Wesley Mayes 23:12
Yeah. Wow, that's amazing. I mean, it really is where self care podcast right at our heart. And I think this is like Alex was saying the way to connect that to self care. We're not alone, right. But it's very easy to feel that way. If we're not reaching out if we're not cultivating community. And this organizing is just a fantastic way to do that. Because the things that we're feeling, if we're in the field, and I say, We but of course, I'm not an educator, you know, an educator may be feeling a certain way. And there's a good chance that all of their colleagues are feeling the same way about a lot of these same issues, and being able to connect and recognize that, hey, you're not alone in this is I mean, that is self care. Right. And, you know, I think going back to the way you got into this work, is another great thing that we need to remember, you know, you talked about these two different childcare facilities that you worked at. And the one that was maybe a little bit more low income. Everyone there was was probably struggling, not just the educator, but the director, right. These two things like when we talk about a system, you know, we want to acknowledge every person in Is there a way that that that organizing can sort of encapsulate all levels, right, and then approach these bigger problems and be considerate of all all of the workers, right, all of the people who are on the front line,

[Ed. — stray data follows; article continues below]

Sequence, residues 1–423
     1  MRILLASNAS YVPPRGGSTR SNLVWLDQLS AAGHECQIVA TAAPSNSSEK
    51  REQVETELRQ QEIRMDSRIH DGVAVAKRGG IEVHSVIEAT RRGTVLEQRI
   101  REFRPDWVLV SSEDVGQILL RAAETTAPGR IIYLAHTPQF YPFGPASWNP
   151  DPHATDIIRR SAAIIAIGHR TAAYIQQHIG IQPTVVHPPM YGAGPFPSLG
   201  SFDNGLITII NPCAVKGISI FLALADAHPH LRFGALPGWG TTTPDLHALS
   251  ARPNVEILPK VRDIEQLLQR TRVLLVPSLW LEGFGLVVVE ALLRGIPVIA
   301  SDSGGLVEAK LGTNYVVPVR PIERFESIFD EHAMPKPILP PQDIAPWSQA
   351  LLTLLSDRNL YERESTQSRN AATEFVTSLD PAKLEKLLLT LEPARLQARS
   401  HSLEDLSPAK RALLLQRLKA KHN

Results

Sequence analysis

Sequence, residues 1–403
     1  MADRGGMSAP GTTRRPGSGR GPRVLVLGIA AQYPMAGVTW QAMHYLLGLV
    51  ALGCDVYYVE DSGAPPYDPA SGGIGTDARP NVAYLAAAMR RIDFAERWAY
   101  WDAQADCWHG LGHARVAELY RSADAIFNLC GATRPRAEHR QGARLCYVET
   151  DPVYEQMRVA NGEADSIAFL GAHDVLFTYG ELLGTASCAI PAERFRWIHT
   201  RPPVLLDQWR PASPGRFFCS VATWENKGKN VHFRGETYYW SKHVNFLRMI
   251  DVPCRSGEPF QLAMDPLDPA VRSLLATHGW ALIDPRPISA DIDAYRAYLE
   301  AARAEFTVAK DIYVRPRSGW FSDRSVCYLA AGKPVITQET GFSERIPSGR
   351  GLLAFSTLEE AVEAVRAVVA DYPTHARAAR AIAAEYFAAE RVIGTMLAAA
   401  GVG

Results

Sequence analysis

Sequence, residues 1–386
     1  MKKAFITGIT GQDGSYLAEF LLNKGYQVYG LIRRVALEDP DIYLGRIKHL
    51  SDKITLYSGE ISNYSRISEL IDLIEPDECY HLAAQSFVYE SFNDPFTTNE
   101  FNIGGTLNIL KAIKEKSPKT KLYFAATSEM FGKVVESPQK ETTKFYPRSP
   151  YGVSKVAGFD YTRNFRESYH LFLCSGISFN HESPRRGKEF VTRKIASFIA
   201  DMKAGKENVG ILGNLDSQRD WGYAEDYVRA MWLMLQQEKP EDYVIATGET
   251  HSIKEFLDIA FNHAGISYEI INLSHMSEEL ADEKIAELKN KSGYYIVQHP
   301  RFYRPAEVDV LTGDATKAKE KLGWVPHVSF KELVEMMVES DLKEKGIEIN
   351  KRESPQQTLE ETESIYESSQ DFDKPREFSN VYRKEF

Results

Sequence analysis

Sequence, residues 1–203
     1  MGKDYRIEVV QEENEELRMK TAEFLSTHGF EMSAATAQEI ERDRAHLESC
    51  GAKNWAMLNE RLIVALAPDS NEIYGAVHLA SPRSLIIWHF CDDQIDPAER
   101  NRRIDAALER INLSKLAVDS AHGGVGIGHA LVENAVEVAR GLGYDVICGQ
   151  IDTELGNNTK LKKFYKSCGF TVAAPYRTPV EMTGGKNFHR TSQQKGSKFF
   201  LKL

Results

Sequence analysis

Shannon Rudisill 24:49